I already had a copy of their culture report based on comprehensive surveys of their employees.  Two things that stood out in the culture survey became immediately apparent moments after walking through their doors- Friendliness and Pace.  Webfilings oozed both of these qualities- a rare combination.  First and foremost what struck me was the warm and welcoming atmosphere. From the receptionist to senior management I was immediately welcomed.  I felt like I had walked into a family gathering and was an honoured guest.  During my stay I was always greeted with generous smiles and sincere queries into my accommodations and wellbeing.  I have no doubt that some of that friendliness was a result of the Iowan culture in general which is well known for its hospitality.  It was also clearly a deliberate result of Webfilings management to create this atmosphere.  As a software company, they compete directly with attractive employers like Google and Facebook for talent.  Webfilings had built itself from the ground up to be a sharing collaborative environment that could attract smart, young programmers and support personnel.  A large lunch hall provided free catered meals served at long tables with bench-style seating to encourage sharing meals together.  Team rooms dotted the scattered complex to encourage open discussion. Senior managers dressed in casual clothes and it was often impossible to tell by looking who was in charge.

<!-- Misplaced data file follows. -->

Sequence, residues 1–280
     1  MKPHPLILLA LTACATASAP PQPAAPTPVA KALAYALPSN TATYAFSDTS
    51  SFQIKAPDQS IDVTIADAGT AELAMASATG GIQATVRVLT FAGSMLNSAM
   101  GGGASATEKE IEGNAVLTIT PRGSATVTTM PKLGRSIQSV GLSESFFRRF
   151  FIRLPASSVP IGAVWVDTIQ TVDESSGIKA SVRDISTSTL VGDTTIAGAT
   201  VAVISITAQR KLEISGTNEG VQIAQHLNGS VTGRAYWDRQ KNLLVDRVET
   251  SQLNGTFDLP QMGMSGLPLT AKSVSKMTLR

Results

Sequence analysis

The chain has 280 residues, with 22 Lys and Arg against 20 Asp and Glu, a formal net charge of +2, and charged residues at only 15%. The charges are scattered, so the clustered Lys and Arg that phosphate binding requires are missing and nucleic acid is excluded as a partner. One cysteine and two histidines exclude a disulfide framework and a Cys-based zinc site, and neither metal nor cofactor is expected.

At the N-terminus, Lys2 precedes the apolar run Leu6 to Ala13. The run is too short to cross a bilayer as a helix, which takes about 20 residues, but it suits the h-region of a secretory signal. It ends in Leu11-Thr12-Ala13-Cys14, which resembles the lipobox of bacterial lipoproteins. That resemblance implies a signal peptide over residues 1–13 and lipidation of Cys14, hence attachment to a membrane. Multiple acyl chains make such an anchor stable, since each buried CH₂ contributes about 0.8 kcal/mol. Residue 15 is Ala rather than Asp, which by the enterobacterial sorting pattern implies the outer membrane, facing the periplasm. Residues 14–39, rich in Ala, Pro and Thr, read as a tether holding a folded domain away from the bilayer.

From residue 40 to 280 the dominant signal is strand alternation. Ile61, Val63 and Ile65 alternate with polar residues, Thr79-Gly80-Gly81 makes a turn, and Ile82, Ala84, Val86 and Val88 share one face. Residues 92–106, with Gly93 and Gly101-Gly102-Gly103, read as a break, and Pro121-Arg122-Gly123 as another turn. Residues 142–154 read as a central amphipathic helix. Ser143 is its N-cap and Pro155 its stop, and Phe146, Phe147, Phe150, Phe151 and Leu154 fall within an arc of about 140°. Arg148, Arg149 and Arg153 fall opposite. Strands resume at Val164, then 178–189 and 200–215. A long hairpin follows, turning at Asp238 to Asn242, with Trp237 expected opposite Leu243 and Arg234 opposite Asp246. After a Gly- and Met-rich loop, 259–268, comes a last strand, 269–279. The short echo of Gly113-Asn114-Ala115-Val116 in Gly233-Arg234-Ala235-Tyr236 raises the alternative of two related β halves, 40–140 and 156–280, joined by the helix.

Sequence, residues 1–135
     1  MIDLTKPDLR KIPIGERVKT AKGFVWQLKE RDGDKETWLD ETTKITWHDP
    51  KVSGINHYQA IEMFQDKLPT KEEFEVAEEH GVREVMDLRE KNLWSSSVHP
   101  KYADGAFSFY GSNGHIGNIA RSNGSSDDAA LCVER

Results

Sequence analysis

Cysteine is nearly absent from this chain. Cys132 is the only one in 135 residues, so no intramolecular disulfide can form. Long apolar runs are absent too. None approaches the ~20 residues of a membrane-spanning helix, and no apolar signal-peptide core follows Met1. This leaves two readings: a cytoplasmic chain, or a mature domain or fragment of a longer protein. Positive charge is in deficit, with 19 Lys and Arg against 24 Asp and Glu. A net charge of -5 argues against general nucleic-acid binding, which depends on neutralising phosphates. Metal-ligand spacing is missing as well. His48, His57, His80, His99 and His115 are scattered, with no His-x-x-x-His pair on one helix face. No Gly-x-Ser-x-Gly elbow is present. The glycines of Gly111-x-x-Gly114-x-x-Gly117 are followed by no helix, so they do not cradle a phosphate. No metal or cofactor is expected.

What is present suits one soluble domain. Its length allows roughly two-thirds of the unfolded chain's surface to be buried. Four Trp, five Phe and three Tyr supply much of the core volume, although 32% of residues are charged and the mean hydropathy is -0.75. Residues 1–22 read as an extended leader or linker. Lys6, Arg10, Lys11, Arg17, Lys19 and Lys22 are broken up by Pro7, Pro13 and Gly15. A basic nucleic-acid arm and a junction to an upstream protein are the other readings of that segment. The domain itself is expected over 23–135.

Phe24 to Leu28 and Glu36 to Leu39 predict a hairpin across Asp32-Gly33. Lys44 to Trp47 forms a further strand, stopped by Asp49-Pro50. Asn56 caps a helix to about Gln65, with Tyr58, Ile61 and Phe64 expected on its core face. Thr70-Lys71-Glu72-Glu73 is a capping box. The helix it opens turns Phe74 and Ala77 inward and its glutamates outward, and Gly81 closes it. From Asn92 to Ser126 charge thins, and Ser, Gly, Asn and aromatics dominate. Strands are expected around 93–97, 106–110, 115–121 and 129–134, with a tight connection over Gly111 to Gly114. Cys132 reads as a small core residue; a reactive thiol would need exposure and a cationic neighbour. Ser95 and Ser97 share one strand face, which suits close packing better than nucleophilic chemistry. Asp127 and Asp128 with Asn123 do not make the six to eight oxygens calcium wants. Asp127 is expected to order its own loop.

I noticed that everyone’s workspace was dotted with rubber ducks and I asked why these were everywhere.  It turns out that the Webfilings buildings are located near a large concrete water drainage structure and when it rains it turns into a temporary stream.  To blow off steam some of the founding employees decided one rainy day to race some rubber ducks.  Now all new hires find themselves purchasing their own lucky ducks- some are decorated in racing stripes and other identifying features.  When it rains Webfilings employees can be found racing them together. A shared moment of joy in the rain to break up a hectic day.  One more part of their friendly culture.  It was hard not to have a corporate crush on Webfilings.